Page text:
Like any big city, Milan has its share of street people and panhandlers. Since moving here over a year ago, I was struck by the generosity of Italians toward these people, so much so that my heart and wallet slowly opened-up to them too. After a while, it became a habit to drop whatever spare change I had into someone’s hand or cup. Neither the pandemic nor the lockdown had changed their reality. They were still on the streets and they still needed help. But in my new Scrooge persona, it was now easy for me to ignore them with disdain. Yet the gratification was temporary and fleeting. The shame I felt was far more powerful than the anger. I was stuck in this awful place with no apparent escape. Then the most amazing thing happened. I wasn’t visited by 3 ghosts or anything that cool. But I was, quite literally knocked to my senses.
I like to run in early the morning while Milan is still sleeping. It lets me enjoy a busy city in solitude before everyone else wakes up. Last Sunday, I was out the door while it was still dark. It was a perfect crisp winter morning that let me relish a rising sun against a vibrant blue sky. I was on my favorite route which takes me through 2 amazing city parks and the ever-scenic Piazza del Duomo. When I reached the first park at Porta Venezia, I remember thinking how relieved I was to be off the streets for a few miles because I was sick of seeing Christmas lights and decorations. I had vowed not to celebrate Christmas, so I didn’t want to be reminded of it. More Humbug. The scenery in the park was instantly better. No lights or ornaments on the trees. Infused with my false sense of empowerment, I decided to pick up the pace a bit. I was lost in thoughts that began with “Me”, “I” or “My”. Those thoughts, however, often lead us down a treacherous path. “Maybe I will run another marathon in the Spring.” That was my last thought before I realized I was face down on the ground, covered in mud, writhing in pain. I was so engrossed in my self-absorbed Scrooge monologue that I wasn’t paying any attention to the trail. I never saw the fallen tree branch that caught my toe and launched me head-first into a pile of rocks and mud. My seething anger at the world may have knocked me to my knees. But it was a loose branch, a few rocks and a little bit of mud that knocked me to my senses. My right knee got the worst of it. But as it turns out, my soul got the best of it.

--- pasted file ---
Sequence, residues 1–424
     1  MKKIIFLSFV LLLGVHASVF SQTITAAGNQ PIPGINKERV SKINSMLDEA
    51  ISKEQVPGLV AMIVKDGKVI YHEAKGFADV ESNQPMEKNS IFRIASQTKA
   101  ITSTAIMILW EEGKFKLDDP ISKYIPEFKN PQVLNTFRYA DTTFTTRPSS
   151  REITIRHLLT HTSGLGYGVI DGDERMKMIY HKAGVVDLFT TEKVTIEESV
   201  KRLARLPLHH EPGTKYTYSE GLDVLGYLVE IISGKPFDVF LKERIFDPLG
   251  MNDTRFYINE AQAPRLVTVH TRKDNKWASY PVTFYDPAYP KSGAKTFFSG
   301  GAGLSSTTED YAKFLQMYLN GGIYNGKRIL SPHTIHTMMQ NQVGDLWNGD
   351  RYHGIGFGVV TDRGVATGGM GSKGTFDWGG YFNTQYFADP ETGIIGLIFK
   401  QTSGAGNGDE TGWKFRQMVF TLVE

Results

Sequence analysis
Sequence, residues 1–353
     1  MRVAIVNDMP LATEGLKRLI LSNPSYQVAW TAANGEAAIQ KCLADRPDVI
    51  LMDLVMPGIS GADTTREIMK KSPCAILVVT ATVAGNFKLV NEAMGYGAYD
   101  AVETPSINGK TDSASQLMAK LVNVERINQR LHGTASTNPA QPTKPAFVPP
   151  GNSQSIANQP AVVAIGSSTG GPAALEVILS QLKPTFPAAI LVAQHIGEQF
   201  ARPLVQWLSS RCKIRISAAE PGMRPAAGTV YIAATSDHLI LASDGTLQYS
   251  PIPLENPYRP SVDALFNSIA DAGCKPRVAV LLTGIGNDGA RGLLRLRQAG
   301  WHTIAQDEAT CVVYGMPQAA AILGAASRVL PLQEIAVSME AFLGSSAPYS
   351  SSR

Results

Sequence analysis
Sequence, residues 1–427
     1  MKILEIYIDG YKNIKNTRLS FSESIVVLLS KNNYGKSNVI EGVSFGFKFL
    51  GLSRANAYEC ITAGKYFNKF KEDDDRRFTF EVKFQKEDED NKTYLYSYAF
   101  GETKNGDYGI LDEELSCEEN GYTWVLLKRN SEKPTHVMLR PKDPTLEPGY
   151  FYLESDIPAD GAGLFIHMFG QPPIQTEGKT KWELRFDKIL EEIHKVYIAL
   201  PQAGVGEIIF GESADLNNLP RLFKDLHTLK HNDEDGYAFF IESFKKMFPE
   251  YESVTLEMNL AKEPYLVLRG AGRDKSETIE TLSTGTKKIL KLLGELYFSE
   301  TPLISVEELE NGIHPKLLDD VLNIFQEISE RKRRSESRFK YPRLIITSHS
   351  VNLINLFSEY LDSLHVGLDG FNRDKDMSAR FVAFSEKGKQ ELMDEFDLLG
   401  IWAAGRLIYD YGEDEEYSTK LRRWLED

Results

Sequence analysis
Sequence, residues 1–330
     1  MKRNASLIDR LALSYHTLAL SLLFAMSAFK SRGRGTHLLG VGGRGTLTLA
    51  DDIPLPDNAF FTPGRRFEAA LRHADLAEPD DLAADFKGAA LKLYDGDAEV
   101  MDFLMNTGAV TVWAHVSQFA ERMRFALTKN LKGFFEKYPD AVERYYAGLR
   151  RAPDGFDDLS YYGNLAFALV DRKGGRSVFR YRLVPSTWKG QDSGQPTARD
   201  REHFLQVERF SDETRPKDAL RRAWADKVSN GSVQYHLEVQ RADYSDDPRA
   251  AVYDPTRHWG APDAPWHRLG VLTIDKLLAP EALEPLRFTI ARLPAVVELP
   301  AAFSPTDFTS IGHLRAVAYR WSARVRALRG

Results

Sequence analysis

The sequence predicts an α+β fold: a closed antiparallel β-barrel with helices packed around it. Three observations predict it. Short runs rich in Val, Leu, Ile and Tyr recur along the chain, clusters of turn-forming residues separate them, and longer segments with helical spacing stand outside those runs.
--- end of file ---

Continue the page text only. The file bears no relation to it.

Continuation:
Tripping on a run isn’t all that uncommon, particularly for a runner like me. I have had a few missteps in my day. Usually, I just get up, dust myself off, take a second to laugh at my own stupidity and then I keep running. Whether a race or a training run, I never quit. However, this time things were different. At first, I didn’t know if couldn’t get up or if I didn’t want to get up. Either way, I stayed on the ground, completely stunned. I couldn’t tell what was worse – the pain in my knee or the pain of embarrassment.